The City of Poughkeepsie will hold a public information session on Wednesday, Oct. 23 regarding possible future uses for the former YMCA site on Montgomery Street. The meeting will be held from 6:30 to 8 p.m. at the Changepoint Church, 260 Mill St., Poughkeepsie.
In early September, the city released the four submissions it had received in connection to reuse of the site and then appointed an advisory committee that includes members of the public to review the applications and make recommendations to the administration.
Two of the respondents – one suggesting a Swimming Past the Boundaries Aquatic Center, the other seeking the creation of an arts museum – have subsequently withdrawn from the process.
Two others – one proposing a multi-use facility that would include community and recreational services, the other envisioning a Poughkeepsie Museum of Contemporary Art – are expected to make presentations to the public at the Oct. 23 meeting.
“This has been an effective and open process,” said Mayor Rob Rolison. “The city took ownership of this property earlier this year after the site sat dormant for about a decade, and we are making great strides to bringing it back to life.”
As part of this process, city officials held two well-attended meetings and then answered dozens of questions the public posed at those meetings. The city also presented to the public a video showing extensive damage to the inside of the building that has been vacant for about a decade.
The 35 Montgomery Community Coalition has one of the remaining proposals. The coalition includes Community Matters 2, Inc., DAY ONE Early Childhood Learning Community, Dutchess Community College, Dutchess County, MASS Design Group, Nuvance Health, Poughkeepsie Farm Project, Poughkeepsie Public Library District, Vassar College, and YMCA of Kingston and Ulster County.
Andrew Gori and Ambre Kelly, co-founders of The They Co., have put forward the other remaining proposal calling for a contemporary arts museum.
At the public information session, each respondent will get 20 minutes to make a presentation and then answer questions from the public.
Members of the city’s YMCA Site Selection Advisory Committee also will be at the public information session. Mayor Rolison has appointed Dutchess County Legislator Barbara Jeter Jackson to chair the committee, which also includes Common Council member Sarah Salem of the Second Ward, where the former YMCA is located. Other members of the committee are city residents Tamoya Norwood, Sashawna Isaacs and Arthur T. Rollin; Paul Calogerakis, the city’s economic development director; and John Penney, the city’s community engagement director.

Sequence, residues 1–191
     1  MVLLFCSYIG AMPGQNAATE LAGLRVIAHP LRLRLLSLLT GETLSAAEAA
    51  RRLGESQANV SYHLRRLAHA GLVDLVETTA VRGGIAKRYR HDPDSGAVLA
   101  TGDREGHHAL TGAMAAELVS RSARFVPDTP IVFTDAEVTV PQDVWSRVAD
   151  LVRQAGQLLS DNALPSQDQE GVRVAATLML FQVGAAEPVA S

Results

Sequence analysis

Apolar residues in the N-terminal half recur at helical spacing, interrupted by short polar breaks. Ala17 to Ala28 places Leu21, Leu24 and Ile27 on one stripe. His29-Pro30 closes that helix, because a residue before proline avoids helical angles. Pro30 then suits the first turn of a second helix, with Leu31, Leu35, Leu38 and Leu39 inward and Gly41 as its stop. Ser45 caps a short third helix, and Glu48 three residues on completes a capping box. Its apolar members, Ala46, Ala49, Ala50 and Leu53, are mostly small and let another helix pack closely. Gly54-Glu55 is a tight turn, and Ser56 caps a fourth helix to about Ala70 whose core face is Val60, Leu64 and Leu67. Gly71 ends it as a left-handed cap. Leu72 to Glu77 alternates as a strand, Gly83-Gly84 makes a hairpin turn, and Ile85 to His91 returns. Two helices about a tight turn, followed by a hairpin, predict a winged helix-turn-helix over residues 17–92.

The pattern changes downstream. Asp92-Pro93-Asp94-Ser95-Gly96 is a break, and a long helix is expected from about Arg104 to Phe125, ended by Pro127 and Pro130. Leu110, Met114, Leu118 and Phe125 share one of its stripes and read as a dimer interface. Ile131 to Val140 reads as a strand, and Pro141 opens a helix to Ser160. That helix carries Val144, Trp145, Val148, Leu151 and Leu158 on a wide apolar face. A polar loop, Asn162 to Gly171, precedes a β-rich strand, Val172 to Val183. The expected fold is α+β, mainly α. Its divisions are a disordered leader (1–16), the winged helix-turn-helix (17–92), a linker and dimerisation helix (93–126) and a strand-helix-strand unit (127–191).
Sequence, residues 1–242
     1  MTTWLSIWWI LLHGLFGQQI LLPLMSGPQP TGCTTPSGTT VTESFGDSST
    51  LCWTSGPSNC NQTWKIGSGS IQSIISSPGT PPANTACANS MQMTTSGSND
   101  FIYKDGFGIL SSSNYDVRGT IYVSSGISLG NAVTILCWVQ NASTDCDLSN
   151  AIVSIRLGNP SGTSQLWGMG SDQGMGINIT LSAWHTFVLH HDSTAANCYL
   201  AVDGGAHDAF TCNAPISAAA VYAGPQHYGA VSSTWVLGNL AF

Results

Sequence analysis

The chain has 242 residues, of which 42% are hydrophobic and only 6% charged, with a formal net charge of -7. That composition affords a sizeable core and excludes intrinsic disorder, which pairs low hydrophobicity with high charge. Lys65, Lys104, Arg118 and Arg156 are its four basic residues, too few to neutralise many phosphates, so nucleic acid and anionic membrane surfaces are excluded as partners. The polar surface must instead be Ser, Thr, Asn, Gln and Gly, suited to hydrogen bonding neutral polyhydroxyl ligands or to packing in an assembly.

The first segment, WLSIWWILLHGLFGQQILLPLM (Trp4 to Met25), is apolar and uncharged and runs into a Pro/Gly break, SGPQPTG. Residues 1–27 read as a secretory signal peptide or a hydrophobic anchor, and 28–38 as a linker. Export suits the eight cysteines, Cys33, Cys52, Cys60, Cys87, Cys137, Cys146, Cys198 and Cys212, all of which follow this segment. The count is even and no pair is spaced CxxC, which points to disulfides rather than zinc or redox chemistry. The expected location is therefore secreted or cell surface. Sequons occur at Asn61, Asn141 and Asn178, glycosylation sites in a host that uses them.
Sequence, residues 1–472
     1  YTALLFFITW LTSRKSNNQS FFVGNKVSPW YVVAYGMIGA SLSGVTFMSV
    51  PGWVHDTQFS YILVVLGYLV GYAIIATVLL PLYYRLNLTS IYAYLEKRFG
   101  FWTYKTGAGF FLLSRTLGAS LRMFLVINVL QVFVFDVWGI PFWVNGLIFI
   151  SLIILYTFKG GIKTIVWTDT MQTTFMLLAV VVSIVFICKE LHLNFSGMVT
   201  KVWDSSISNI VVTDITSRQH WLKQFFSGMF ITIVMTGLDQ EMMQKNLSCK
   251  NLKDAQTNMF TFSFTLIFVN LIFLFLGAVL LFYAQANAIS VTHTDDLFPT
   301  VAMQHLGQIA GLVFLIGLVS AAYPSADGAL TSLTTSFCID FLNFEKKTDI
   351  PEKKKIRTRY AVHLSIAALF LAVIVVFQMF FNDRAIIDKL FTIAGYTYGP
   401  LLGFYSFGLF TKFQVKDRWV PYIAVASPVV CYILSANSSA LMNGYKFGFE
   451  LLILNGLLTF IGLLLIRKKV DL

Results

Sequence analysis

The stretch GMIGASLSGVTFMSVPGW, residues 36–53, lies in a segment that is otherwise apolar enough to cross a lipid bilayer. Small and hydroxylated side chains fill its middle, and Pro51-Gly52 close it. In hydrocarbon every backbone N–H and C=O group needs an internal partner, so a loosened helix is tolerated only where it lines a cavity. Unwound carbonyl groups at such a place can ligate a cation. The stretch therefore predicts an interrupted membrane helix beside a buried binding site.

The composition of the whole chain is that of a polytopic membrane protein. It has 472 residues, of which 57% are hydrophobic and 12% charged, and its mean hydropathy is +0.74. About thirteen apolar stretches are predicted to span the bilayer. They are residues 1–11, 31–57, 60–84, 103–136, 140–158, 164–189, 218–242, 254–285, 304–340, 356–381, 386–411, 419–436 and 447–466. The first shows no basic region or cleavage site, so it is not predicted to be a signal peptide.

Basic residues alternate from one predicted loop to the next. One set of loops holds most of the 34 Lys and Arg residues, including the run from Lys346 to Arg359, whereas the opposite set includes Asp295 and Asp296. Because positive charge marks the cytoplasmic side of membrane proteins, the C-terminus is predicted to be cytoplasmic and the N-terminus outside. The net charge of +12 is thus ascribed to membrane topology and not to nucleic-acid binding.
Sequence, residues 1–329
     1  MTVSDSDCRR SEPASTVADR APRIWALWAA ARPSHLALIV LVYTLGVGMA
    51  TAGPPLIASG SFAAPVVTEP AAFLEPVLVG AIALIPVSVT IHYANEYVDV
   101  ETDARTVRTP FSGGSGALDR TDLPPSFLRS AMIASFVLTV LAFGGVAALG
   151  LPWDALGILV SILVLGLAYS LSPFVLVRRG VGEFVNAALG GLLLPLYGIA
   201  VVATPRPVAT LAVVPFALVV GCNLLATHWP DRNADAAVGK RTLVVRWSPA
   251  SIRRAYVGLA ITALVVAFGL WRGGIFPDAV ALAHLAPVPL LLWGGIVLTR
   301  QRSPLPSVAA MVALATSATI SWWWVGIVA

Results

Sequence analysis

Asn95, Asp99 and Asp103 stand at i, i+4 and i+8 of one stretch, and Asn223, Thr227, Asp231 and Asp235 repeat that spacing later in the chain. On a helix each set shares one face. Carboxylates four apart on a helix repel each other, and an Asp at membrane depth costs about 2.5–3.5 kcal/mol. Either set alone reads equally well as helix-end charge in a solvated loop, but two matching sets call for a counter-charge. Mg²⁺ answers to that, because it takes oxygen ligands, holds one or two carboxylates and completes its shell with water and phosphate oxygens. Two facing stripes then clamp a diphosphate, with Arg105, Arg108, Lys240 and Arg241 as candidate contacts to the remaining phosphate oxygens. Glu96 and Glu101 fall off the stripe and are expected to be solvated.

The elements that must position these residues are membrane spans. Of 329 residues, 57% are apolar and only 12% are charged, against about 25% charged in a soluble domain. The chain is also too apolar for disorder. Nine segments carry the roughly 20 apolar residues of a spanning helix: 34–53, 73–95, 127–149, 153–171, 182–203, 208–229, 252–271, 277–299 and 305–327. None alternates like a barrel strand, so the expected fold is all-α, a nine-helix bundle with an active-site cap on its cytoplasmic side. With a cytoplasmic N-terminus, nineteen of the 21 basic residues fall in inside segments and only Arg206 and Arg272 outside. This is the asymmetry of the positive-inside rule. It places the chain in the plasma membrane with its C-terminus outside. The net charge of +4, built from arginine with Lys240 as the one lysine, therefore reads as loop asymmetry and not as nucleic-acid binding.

Links to the submissions are below:
- 35 Montgomery Community Coalition, Community Campus
- Contemporary Art and Museum Space, Andrew Gori and Ambre Kelly
To make a comment about the submissions, email [email protected]
The City of Poughkeepsie has released the applicant submissions it has received regarding possible future uses of the former YMCA property on Montgomery Street.
Here is a summary of the submissions:
The 35 Montgomery Community Coalition – which includes Community Matters 2, Inc., DAY ONE Early Childhood Learning Community, Dutchess Community College, Dutchess County, MASS Design Group, Nuvance Health, Poughkeepsie Farm Project, Poughkeepsie Public Library District, Vassar College, and YMCA of Kingston and Ulster County – is proposing a multi-use facility that would provide services connected to their respective missions in the community.
“Our proposal re-establishes the former YMCA site as a community and recreation resource that can be a safe, structured and horizon expanding space for Poughkeepsie’s youth and families,” the coalition wrote in a submission sent by Chris Kroner, principal of MASS Design Group.
“More than just a building, our proposal and the coalition behind it represent a comprehensive, cross-sector commitment to giving Poughkeepsie’s children the best possible start in life.”
Andrew Gori and Ambre Kelly, co-founders of The They Co., are proposing to establish a Poughkeepsie Museum of Contemporary Art. “Our 9 year history in revitalizing New York City and Los Angeles spaces and boroughs gives us great excitement to do the same in our hometown of Poughkeepsie, while also including a sensitivity to community retention that could serve as a model for future towns.”
Christopher Bledsoe, aquatic consultant at Swimming Past the Boundaries, is proposing The Swimming Past the Boundaries Aquatic Center (SPBAC), a 22,000-square-foot indoor aquatic facility that would “provide an asset to the immediate surrounding community and Dutchess County as a whole.”